Award-winning architect builds 'half houses', says slums should inspire

Fri May 27, 2016 9:56am EDT
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By Matthew Ponsford

LONDON (Thomson Reuters Foundation) - Award-winning Chilean architect Alejandro Aravena wants city governments worldwide to stop fighting urban migration and look to Latin America's sprawling slums as inspiration for new housing.

The winner of the 2016 Pritzker, regarded as the Nobel Prize of architecture, Aravena says the vast 'favelas' in cities such as Rio de Janeiro highlight human resilience and the instinctive capacity for home-building.

He said if cities are going to successfully absorb the projected 1.5 billion new arrivals predicted by the United Nations over the next 15 years, they must learn lessons from urban slum dwellings.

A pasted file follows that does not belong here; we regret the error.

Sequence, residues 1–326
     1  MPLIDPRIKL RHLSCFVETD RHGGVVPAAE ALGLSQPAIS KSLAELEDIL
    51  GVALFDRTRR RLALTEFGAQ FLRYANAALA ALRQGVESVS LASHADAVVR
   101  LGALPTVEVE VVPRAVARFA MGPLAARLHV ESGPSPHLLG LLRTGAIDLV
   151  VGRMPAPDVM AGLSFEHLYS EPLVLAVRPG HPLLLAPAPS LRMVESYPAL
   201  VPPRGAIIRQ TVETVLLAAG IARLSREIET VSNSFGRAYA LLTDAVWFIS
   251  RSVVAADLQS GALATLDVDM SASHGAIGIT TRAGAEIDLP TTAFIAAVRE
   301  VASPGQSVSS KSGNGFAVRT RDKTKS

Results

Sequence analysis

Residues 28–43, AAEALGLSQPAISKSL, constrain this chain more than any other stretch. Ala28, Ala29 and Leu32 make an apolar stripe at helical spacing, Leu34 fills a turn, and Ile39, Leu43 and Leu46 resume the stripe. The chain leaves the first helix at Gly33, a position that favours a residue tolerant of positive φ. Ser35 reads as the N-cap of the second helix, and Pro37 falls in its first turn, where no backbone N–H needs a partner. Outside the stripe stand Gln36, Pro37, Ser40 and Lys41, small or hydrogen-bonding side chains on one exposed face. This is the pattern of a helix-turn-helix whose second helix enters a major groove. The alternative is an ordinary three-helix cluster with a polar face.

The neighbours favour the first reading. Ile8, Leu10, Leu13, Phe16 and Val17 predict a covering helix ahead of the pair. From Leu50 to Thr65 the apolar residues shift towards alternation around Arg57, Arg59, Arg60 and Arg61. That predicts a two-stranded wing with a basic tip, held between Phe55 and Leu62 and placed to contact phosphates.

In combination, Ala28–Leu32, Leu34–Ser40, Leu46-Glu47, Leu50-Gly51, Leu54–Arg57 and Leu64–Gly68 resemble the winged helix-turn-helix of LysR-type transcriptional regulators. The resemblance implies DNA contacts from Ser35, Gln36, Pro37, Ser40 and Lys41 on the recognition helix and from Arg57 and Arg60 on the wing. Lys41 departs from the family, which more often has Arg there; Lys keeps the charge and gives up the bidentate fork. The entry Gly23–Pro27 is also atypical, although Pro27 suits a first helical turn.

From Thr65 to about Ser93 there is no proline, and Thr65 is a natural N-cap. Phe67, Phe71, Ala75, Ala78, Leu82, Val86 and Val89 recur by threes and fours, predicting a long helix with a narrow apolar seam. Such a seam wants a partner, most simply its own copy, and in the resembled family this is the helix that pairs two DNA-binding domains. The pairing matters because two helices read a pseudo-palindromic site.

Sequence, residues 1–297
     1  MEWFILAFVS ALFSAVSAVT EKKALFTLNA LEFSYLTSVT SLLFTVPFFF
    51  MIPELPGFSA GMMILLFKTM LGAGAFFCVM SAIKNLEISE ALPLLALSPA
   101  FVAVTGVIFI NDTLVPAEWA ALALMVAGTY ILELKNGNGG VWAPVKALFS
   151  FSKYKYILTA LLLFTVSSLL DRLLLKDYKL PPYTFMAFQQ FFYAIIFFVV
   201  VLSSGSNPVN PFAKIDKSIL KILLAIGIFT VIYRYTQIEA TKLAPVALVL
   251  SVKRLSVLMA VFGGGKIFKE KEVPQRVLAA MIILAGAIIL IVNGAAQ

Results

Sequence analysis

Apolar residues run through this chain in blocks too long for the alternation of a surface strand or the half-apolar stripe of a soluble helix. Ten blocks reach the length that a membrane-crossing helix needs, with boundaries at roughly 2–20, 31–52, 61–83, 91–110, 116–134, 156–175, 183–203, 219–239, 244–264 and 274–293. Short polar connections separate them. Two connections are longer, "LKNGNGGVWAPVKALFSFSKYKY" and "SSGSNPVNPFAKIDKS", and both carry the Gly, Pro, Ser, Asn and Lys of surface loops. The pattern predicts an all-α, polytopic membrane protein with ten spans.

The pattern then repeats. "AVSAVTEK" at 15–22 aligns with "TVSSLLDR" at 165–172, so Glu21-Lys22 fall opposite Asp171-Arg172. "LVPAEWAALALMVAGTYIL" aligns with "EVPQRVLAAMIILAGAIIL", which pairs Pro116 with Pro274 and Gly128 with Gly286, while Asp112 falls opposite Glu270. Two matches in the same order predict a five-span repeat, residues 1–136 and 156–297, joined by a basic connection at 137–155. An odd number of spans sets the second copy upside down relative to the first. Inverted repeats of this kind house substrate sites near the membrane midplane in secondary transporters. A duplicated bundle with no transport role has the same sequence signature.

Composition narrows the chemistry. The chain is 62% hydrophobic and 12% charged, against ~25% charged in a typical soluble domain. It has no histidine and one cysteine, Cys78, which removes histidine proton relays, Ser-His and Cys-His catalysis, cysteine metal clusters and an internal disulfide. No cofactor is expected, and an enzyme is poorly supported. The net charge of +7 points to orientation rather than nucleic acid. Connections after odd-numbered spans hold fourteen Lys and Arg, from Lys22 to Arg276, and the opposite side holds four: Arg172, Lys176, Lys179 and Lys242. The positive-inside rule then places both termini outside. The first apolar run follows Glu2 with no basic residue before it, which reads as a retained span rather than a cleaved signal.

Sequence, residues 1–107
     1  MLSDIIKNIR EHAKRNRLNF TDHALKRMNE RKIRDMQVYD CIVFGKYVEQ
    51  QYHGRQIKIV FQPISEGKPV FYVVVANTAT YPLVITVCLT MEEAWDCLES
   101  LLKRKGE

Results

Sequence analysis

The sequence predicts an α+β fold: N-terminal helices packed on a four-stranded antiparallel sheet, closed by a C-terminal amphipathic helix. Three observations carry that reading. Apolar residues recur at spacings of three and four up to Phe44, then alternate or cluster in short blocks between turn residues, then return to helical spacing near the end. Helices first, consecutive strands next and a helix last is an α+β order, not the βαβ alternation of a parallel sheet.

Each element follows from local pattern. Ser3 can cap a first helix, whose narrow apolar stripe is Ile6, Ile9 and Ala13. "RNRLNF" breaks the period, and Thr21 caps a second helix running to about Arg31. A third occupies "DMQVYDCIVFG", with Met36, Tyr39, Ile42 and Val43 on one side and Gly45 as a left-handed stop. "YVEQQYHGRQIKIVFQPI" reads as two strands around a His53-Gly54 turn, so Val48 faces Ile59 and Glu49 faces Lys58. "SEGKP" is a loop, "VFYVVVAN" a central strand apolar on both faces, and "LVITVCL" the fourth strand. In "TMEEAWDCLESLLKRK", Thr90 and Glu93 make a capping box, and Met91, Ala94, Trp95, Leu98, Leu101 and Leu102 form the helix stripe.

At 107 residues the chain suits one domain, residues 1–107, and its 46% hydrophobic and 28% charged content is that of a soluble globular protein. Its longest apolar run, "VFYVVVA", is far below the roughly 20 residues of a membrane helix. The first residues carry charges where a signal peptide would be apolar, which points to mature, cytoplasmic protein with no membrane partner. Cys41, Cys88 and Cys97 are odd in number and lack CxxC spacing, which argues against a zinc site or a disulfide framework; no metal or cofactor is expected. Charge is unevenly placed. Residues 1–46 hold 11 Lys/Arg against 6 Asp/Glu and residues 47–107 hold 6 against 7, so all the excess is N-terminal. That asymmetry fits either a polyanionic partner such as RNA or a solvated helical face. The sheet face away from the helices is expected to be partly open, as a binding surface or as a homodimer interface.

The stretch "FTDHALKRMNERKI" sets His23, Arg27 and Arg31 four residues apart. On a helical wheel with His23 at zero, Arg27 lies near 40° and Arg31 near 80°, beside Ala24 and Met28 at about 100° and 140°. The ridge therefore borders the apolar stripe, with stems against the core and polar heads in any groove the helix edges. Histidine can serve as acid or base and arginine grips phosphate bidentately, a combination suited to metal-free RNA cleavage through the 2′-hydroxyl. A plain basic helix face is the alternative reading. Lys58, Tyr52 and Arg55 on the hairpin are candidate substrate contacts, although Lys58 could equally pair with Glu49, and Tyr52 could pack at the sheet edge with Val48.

"This is not, even for a second, a kind of romantic look at the favela as a kind of a pre-civilized, paradisic state of living," said Aravena in an interview with the Thomson Reuters Foundation.

"Not at all. I mean, the favela is a disaster. But there are forces there that we should be able to channel through design."

Aravena is the director of the 15th International Architecture Exhibition of the Venice Biennale, which he will open to the public on Saturday.

The exhibition, titled 'Reporting from the Front', has challenged architects from around the world to propose solutions to some of the world's greatest urban problems - from re-building cities ravaged by war to making refugee camps liveable.

In contrast with high-profile past directors, dubbed "starchitects" for their showy buildings - Aravena, 48, is best known for designing low-rise social housing for families living in slums.   Continued...

A woman sits on a terrace at Tiki hostel in Cantagalo favela, in Rio de Janeiro, Brazil, April 16, 2016.  REUTERS/Pilar Olivares